Rust for RTEMS [was: Re: Interested for GSoC 2023]
karel at functional.vision
Mon Feb 27 15:05:50 UTC 2023
On 2/27/23 15:44, Joel Sherrill wrote:
> On Mon, Feb 27, 2023 at 5:00 AM Karel Gardas <karel at functional.vision>
> adjusting subject based on Jan request. Keeping whole Rust relevant
> comments in.
> On 2/27/23 11:07, Jan.Sommer at dlr.de <mailto:Jan.Sommer at dlr.de> wrote:
> >> -----Original Message-----
> >> From: devel <devel-bounces at rtems.org
> <mailto:devel-bounces at rtems.org>> On Behalf Of Karel Gardas
> >> Sent: Montag, 27. Februar 2023 09:16
> >> To: joel at rtems.org <mailto:joel at rtems.org>; Vihas Makwana
> <makvihas at gmail.com <mailto:makvihas at gmail.com>>
> >> Cc: rtems-devel at rtems.org <mailto:rtems-devel at rtems.org>
> <devel at rtems.org <mailto:devel at rtems.org>>
> >> Subject: Re: Interested for GSoC 2023
> >> On 2/27/23 02:16, Joel Sherrill wrote:
> >>> Another GCC related project could be Rust RTEMS Support but I don't
> >>> know what that entails beyond turning it on and seeing what goes
> >>> wrong. I tried to build it last year and got far enough to
> decide to
> >>> wait before trying again.
> >> Not sure how far you went. The process is generally:
> >> (1) tune Rust compiler to cross-compile correctly for specific
> >> platform. So basically you get no_std capable compiler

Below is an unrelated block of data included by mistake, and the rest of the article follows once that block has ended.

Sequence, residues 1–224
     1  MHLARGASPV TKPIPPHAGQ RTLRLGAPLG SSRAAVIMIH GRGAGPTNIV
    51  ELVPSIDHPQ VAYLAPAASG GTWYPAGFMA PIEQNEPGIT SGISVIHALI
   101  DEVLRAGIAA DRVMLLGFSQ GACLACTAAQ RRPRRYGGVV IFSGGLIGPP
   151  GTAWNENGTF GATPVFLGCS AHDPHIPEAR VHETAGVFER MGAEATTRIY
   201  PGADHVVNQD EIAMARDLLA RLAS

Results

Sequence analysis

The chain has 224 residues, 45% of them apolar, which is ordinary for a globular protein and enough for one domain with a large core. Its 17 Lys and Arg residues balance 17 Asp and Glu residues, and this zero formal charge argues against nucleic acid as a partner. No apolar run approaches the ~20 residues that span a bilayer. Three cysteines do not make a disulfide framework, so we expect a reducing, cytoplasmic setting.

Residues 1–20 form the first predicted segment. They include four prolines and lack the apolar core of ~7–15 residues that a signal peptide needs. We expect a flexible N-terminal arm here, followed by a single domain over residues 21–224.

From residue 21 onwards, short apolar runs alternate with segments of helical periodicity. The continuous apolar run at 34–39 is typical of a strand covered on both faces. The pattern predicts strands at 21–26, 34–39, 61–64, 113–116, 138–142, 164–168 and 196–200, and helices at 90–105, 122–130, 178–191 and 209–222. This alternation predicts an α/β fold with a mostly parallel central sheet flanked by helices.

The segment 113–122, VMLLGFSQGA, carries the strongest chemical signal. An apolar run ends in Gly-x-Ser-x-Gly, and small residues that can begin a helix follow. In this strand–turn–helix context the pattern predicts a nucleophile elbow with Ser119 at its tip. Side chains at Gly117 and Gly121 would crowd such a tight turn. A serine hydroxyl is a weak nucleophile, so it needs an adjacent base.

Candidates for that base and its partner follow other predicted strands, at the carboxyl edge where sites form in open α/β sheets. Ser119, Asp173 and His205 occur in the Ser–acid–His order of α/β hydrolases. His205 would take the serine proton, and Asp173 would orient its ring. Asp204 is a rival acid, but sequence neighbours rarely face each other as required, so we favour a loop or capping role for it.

> You should be able to compile gcc rust NOW to target CPU-rtems. I would
> expect minor tweaking of configuration both in configure scripting and
> in the Rust run-time libraries. For example, with the Standard C++ Library
> there are configuration settings for *-rtems which pick the threading and
> synchronization model. Rust's run-time adapter with GCC should be similar.
There is a slight misunderstanding going here. I'm not talking about
gccrs rust frond-end project which got merged into GCC to become part of
GCC 13 in autumn last year to be released this spring probably. I'm
talking and AFAIK Jan too about real Rust as distributed/provided by
The messages from gccrs project are kind of mixed and clearly warns that
even with GCC 13, the front-end would be good just for GCC rust ongoing
development and not yet for let say Rust code in Linux kernel. I write
that not to play that attempt down, in fact gccrs people work is
outstanding, I write that just to remark that it may take some time
before it's ready for general "consumption".
Hence, when investigating Rust for RTEMS, I went to rust-lang.org and
investigated that because after all, this is still reference Rust
> Not sure if I did not confused you with my (2) libc remark. I of course
> mean Rust's libc (that means rust code) to be build on top of
> RTEMS/Newlib/libbsd combination. It'll be interesting project
> if the requirement later would be to support both binary targets: e.g.
> RTEMS without libbsd (for smaller systems) and RTEMS with libbsd for
> full-blown configuration. Anyway, for now, I would start with libbsd as
> this should make project proceeding faster IMHO.
> You shouldn't need RTEMS or libbsd built until you link real executables
> you want to run. All needed POSIX headers are present from newlib.
But I'm at the stage I'd like to link my Rust hello world with RTEMS
BSP, that's what someone expects at the end anyway. :-)
> I was test building rust just like C, C++, and Ada. Build the toolchain and
> then build RTEMS.
So you liked rust + RTEMS well? Cool!
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